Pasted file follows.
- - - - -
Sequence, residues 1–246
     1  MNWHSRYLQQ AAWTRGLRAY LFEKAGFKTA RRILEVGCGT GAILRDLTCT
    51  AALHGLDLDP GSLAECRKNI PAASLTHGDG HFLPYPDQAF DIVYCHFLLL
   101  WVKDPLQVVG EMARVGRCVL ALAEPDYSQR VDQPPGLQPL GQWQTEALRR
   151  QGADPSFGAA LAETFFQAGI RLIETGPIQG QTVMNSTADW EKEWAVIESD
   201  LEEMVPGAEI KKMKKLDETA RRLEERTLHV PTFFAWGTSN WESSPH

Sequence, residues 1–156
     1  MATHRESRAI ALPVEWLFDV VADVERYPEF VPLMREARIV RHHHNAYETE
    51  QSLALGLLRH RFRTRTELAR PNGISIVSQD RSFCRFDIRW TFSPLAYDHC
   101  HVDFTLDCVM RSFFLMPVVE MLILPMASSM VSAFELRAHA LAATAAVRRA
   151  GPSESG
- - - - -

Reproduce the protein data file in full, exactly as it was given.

Sequence, residues 1–246
     1  MNWHSRYLQQ AAWTRGLRAY LFEKAGFKTA RRILEVGCGT GAILRDLTCT
    51  AALHGLDLDP GSLAECRKNI PAASLTHGDG HFLPYPDQAF DIVYCHFLLL
   101  WVKDPLQVVG EMARVGRCVL ALAEPDYSQR VDQPPGLQPL GQWQTEALRR
   151  QGADPSFGAA LAETFFQAGI RLIETGPIQG QTVMNSTADW EKEWAVIESD
   201  LEEMVPGAEI KKMKKLDETA RRLEERTLHV PTFFAWGTSN WESSPH

Sequence, residues 1–156
     1  MATHRESRAI ALPVEWLFDV VADVERYPEF VPLMREARIV RHHHNAYETE
    51  QSLALGLLRH RFRTRTELAR PNGISIVSQD RSFCRFDIRW TFSPLAYDHC
   101  HVDFTLDCVM RSFFLMPVVE MLILPMASSM VSAFELRAHA LAATAAVRRA
   151  GPSESG